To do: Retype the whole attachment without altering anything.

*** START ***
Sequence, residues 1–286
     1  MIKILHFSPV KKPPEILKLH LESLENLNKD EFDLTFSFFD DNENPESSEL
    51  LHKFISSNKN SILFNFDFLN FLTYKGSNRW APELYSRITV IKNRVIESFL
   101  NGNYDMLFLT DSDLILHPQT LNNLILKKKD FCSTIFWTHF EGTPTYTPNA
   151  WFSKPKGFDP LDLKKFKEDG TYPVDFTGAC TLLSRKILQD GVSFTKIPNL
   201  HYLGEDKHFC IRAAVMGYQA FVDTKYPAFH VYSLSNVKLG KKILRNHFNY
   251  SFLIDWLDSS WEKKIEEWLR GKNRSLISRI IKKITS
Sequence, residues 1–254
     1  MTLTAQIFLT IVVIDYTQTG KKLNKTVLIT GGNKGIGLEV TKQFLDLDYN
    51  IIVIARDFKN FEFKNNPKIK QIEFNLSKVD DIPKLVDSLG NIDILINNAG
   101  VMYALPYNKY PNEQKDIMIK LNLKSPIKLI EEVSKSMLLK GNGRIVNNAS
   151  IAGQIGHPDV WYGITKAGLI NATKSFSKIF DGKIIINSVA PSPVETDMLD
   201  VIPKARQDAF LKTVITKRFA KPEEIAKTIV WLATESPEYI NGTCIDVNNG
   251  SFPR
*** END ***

Sequence, residues 1–286
     1  MIKILHFSPV KKPPEILKLH LESLENLNKD EFDLTFSFFD DNENPESSEL
    51  LHKFISSNKN SILFNFDFLN FLTYKGSNRW APELYSRITV IKNRVIESFL
   101  NGNYDMLFLT DSDLILHPQT LNNLILKKKD FCSTIFWTHF EGTPTYTPNA
   151  WFSKPKGFDP LDLKKFKEDG TYPVDFTGAC TLLSRKILQD GVSFTKIPNL
   201  HYLGEDKHFC IRAAVMGYQA FVDTKYPAFH VYSLSNVKLG KKILRNHFNY
   251  SFLIDWLDSS WEKKIEEWLR GKNRSLISRI IKKITS
Sequence, residues 1–254
     1  MTLTAQIFLT IVVIDYTQTG KKLNKTVLIT GGNKGIGLEV TKQFLDLDYN
    51  IIVIARDFKN FEFKNNPKIK QIEFNLSKVD DIPKLVDSLG NIDILINNAG
   101  VMYALPYNKY PNEQKDIMIK LNLKSPIKLI EEVSKSMLLK GNGRIVNNAS
   151  IAGQIGHPDV WYGITKAGLI NATKSFSKIF DGKIIINSVA PSPVETDMLD
   201  VIPKARQDAF LKTVITKRFA KPEEIAKTIV WLATESPEYI NGTCIDVNNG
   251  SFPR